Stockpiled Pasture a Beautiful Thing


November 28, 2017

One of the geldings munching on stockpiled pasture. They are still grazing as November comes to a close. Let’s face it, making a small farm profitable is not always easy. Keeping horses can be a drain on a man’s wallet. Using grass and working with Mother Nature is a wonderful, profitable option that often gets overlooked.

We made hay while the sun shined this past summer. We mowed the pastures as the animals grazed them down. The mowing keeps weeds in check and encourages growth in the grasses and clover. The paddock in the picture was allowed to grow after the last mowing in late August. The cattle grazed it once in mid-September for about 36 hours. Yesterday, the horses were turned in to this pasture to graze until the autumn rains or snow make the soil soft.

Most of the regrowth that the horses are eating is endophyte free fescue. This warm season grass gets more palatable and sweet after it has been frosted. The cold nights in the past few weeks ended our growing season, but made this magic grass sweet and much more to the horse’s liking. I will be able to graze this for about two weeks. So, that is feed for four draft horses for fourteen days! No fuel to harvest it. No time invested to harvest it and the horses are spreading their own manure!

I have one more paddock of stockpiled grass. It is a stand with lots of trefoil in it. The sheep will spend the winter there. They will graze much of the winter as long as the snow doesn’t get too deep. Again, no fuel to harvest the hay for the sheep. They can eat at their own pace, spreading their droppings as they go. I will have to feed a little hay I am sure, but our flock of ten ewes should have eighty to ninety days of grazing in that paddock. I will pull the sheep off in late February or early March, but the worst part of winter should be over by then…and the sheep will have pretty much fed themselves all winter!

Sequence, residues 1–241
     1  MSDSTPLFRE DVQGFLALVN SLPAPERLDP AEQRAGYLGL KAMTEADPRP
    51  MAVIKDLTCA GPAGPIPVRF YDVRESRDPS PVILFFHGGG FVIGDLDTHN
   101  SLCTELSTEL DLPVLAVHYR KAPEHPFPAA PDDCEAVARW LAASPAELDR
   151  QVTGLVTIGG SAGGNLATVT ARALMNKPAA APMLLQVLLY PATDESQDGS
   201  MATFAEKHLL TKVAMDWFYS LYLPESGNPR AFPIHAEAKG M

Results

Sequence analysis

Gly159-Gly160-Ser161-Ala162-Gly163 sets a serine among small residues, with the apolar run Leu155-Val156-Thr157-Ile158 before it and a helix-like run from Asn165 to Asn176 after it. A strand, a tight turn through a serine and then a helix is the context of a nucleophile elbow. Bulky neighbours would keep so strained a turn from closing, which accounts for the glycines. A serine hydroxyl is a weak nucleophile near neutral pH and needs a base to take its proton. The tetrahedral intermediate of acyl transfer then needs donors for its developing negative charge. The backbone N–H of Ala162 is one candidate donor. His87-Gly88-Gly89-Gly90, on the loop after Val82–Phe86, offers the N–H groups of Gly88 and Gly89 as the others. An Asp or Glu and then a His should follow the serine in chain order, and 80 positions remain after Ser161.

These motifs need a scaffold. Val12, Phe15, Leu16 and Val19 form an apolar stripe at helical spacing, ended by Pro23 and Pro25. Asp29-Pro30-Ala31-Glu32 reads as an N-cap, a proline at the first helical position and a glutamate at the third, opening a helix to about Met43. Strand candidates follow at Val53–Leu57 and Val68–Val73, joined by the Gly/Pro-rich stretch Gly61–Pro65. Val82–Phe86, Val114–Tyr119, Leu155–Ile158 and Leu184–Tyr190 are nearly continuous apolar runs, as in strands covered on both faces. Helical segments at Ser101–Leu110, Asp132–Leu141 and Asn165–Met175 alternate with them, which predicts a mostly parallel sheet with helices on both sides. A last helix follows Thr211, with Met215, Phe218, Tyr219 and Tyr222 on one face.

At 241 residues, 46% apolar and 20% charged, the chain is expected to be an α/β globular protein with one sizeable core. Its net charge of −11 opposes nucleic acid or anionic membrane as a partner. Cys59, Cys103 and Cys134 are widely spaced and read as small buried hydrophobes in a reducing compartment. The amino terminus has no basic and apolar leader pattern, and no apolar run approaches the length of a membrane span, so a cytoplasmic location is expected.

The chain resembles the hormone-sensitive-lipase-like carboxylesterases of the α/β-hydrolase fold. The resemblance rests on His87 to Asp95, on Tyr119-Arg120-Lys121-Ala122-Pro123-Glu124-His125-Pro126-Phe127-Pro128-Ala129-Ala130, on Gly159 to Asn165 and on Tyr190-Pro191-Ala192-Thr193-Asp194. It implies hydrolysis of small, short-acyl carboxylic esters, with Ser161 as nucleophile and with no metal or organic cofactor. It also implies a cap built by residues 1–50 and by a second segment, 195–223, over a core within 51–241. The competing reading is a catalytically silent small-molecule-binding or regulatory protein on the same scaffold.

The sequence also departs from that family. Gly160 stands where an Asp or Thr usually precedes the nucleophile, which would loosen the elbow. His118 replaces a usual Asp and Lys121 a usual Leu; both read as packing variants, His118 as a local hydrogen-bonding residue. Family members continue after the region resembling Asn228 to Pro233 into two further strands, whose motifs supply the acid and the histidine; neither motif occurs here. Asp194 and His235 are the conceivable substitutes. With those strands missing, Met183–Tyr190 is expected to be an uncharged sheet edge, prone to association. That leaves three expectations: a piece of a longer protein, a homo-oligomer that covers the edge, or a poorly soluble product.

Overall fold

I encourage the small farmer to look for opportunities such as this to increase profits or at least increase efficiencies in your daily labor. Think outside the box and … stockpile a few ideas of your own!

Stockpiled Pasture
October 20, 2014, 9:38 pm
Filed under: October 2014 | Tags: , , ,
White clover blooms against a colorful backdrop

White clover blooms against a colorful backdrop

October 20, 2014

The cows are eating their last pastures of the 2014 grazing season. I have a few more paddocks with some stockpiled grass for them to enjoy, until the winter snows blow. They are in the most east pasture now, munching on third cutting hay, left to grow to nourish the plant roots. The frost has signaled the grass to go dormant, so lightly grazing the hayfield won’t hurt a thing.

The wooded pasture in the photo is the next hamlet for the cows. The woods provide some shelter from the late autumn winds. The grass lush and green will provide some very good meals for my soon to be momma cows. One young lady had her calf last week. She is still camera-shy, but we will see about that!

My horse pasture grows short. The horses are just tonight starting to be supplemented with hay, a little each day at meal time. They eat their oats and clean up the hay by morning. I am sure winter will soon be here. Our logging job, cleaning up the old fallen oak begins Wednesday. The horses and equipment are ready to go. I just need to roll up some broken fence and the job can start.

The horses will be given an old hay field with some corn fodder on one end as a jump lot this winter. They will paw down through the snow and eat the stockpiled grass and the leaves from the corn fodder. The frozen ground will keep them from damaging  the soil and plants beneath their big feet. The area is more for excercise than for feeding. The grass is just a bonus.

The cow’s last pasture for the season has waist-high grass and red clover standing in it. A large grove of white pines will provide shelter and protection from the elements for the cows and their calves. Once the pasture has been eaten down, they will spend the winter under the barn overhang. This last pasture will provide a playground on nice days, once the cattle are moved to the barnyard for winter.

Having stockpiled grasses, left to grow tall until after frost, is like having money in the bank. It keeps the feed bill down by providing many free meals. This approach to self sufficiency, is just one more reason why I farm the way I do. Low inputs help keep the business end profitable…without profit, there is no farm…at least not one “in the black.”